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Great post Jake.

In the last few years I've seen some terriermen in their 20s and 30s who IMO could have showed some of the older generation how to do it. Respect for the quarry, the terrier, the earth and the sport was most important. Looking back the opposite was often the norm with some of the older generation. I know that they grew up and carried out their sport in a more carefree time where if you wrecked an earth by negligence it was no big deal because there were several more around and because farming wasn't so intensive the farmer often forgave bad backfilling etc.

One tradition I have seen carried on from the old ways to the modern terrierman here in Ireland is the releasing of game. It's still frowned upon by many terriermen. Not looking to start a row but that's how it is and always has been.

Back in the day there was plenty who boast about their terriers prowess and the digs and hunts they'd had but those who were listening would congratulate them. Whereas today because of the likes of FaceBook etc. the boasters are boasting to everyone and that's not good for the working terrier. So IMO loosing the ol' timers who've gone before us wont affect the game as much as modern life will. But, we do owe a lot to those who've gone before us that could breed good ones and kept lines and they should never be forgotten.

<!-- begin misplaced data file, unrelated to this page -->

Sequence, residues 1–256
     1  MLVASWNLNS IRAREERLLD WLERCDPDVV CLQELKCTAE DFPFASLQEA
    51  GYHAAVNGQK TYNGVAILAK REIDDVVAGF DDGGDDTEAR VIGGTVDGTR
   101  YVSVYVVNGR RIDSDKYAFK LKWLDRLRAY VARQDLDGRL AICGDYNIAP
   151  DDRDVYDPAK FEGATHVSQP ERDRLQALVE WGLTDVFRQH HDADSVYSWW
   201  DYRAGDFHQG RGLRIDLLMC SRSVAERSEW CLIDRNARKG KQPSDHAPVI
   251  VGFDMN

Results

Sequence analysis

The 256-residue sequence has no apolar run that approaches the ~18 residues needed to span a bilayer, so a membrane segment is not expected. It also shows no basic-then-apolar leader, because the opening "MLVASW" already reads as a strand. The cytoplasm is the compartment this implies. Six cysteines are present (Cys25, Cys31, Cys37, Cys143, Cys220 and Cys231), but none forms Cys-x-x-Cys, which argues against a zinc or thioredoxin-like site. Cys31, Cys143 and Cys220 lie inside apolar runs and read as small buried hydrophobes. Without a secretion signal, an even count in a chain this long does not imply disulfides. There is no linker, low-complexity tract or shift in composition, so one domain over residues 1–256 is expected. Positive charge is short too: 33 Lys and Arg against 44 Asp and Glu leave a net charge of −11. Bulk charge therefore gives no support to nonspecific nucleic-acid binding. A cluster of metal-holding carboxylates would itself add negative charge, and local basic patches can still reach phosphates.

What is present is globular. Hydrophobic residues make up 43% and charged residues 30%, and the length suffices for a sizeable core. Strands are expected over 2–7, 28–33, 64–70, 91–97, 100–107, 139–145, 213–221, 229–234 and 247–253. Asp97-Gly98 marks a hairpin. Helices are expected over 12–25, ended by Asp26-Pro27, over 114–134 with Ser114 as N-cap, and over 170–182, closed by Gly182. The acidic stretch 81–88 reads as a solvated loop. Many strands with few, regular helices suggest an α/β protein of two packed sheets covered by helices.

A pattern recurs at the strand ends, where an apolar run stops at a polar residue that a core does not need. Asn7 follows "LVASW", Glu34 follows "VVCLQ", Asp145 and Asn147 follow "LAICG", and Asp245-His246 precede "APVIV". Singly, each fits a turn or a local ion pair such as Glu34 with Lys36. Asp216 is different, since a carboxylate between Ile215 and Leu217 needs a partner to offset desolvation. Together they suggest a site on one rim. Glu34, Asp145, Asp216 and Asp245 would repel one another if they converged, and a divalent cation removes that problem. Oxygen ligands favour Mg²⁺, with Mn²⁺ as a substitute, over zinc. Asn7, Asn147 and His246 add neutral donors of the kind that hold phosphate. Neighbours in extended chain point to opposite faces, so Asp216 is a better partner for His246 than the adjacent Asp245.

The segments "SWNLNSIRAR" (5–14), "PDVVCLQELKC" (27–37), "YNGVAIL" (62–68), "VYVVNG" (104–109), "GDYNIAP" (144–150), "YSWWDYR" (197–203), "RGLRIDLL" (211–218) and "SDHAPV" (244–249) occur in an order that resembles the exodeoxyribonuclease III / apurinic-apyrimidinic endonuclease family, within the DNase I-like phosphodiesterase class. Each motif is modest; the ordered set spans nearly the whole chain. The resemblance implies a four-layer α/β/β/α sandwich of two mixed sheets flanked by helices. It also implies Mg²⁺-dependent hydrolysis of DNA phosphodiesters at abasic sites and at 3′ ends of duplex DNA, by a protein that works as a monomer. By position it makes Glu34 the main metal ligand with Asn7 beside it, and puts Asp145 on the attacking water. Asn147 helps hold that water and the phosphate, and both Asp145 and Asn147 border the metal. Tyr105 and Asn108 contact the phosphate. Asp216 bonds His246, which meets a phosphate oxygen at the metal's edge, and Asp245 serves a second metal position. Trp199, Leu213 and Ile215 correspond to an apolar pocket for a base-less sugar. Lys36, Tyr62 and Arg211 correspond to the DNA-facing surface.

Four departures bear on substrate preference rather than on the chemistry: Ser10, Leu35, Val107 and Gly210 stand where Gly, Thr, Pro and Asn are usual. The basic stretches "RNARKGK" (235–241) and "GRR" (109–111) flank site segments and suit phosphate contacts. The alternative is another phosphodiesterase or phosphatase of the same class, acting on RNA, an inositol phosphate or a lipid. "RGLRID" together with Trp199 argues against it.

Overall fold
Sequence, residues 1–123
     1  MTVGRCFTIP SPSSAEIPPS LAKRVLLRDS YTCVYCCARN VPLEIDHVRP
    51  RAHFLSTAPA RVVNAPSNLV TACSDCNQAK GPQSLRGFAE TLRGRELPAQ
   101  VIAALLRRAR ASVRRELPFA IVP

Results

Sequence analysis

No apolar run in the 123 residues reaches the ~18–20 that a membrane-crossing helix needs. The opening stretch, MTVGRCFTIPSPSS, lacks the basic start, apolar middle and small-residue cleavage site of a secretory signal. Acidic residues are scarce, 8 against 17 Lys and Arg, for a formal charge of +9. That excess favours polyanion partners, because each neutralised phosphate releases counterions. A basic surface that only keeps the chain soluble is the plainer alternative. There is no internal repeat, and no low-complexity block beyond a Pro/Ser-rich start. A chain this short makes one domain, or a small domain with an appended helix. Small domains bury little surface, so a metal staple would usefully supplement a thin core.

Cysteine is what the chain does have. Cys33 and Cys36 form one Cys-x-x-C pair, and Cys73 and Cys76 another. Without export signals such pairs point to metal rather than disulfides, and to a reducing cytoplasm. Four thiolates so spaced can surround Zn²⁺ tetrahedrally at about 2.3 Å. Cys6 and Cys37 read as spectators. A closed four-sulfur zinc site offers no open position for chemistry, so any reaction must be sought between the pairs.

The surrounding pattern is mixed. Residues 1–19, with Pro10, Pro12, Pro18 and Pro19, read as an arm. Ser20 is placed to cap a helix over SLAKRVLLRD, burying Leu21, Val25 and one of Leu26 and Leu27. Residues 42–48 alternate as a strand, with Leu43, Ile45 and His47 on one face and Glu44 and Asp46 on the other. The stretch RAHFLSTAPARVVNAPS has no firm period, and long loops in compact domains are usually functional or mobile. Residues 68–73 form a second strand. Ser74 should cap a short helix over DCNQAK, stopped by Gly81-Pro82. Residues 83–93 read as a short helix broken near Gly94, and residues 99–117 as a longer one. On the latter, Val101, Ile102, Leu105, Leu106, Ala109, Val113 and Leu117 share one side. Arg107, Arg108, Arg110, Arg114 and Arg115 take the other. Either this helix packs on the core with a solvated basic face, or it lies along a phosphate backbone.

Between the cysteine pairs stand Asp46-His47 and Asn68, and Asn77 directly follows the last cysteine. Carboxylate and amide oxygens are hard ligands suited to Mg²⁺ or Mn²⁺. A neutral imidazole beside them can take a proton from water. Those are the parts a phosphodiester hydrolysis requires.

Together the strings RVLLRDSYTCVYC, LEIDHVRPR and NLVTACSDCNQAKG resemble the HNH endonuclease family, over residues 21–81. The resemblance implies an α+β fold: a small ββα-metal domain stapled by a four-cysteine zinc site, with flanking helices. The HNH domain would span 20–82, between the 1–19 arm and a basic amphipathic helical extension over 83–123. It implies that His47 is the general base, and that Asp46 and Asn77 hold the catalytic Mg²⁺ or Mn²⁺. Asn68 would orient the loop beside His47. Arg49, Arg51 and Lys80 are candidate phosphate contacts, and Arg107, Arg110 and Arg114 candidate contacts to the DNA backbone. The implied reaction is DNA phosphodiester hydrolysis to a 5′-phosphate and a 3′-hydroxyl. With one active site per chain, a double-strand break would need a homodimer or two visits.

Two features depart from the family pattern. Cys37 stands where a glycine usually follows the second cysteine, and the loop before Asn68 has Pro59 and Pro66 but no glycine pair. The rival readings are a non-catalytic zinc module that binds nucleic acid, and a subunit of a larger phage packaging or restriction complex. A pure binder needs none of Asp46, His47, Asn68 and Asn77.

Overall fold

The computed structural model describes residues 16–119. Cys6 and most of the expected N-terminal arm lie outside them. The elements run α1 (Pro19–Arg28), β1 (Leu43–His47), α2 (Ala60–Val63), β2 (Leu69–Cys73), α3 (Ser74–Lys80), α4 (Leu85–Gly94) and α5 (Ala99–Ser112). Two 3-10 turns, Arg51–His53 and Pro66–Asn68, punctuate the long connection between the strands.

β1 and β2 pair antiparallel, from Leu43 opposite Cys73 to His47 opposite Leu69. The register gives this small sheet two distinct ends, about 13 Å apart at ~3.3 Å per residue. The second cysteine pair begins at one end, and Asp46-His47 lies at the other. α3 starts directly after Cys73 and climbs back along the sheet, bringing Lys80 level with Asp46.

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Bad habits are not just carried out by the young lads I've seen plenty of bad practice being carried out by men who should have learned the basics years ago.

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i got a good start off as a young lad my uncles all had mainly scatter bred terriers back in the 60s 70s i was introduced to terrier work in the early 80s.i was show fox runs badger runs fox earths badger setts, where foxes would lay up, in ivy trees ivy stone walls, lime trees, old houses, hay barns etc.i was told to stay away from a few earths with certain dogs on my uncles yard if i ever went out on my own and was told the reasons why.he would explain why a different type of dog would do for those earths. money wasnt that plentful and the old grey knocking boxes was rare enough if my memory serves me right so it was ear to the ground for a few yrs.that kind of grounding served me well and you get a good sense about the game.